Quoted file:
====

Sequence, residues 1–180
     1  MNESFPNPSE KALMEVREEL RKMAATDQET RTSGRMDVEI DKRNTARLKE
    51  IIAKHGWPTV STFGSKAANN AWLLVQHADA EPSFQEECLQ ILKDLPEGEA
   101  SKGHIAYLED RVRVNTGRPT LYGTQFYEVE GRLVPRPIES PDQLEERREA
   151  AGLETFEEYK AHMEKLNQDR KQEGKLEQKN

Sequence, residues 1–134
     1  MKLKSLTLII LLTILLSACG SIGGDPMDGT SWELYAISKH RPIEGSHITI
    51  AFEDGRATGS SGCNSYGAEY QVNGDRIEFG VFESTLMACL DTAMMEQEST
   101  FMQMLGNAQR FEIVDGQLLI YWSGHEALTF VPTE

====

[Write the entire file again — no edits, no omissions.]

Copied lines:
Sequence, residues 1–180
     1  MNESFPNPSE KALMEVREEL RKMAATDQET RTSGRMDVEI DKRNTARLKE
    51  IIAKHGWPTV STFGSKAANN AWLLVQHADA EPSFQEECLQ ILKDLPEGEA
   101  SKGHIAYLED RVRVNTGRPT LYGTQFYEVE GRLVPRPIES PDQLEERREA
   151  AGLETFEEYK AHMEKLNQDR KQEGKLEQKN

Sequence, residues 1–134
     1  MKLKSLTLII LLTILLSACG SIGGDPMDGT SWELYAISKH RPIEGSHITI
    51  AFEDGRATGS SGCNSYGAEY QVNGDRIEFG VFESTLMACL DTAMMEQEST
   101  FMQMLGNAQR FEIVDGQLLI YWSGHEALTF VPTE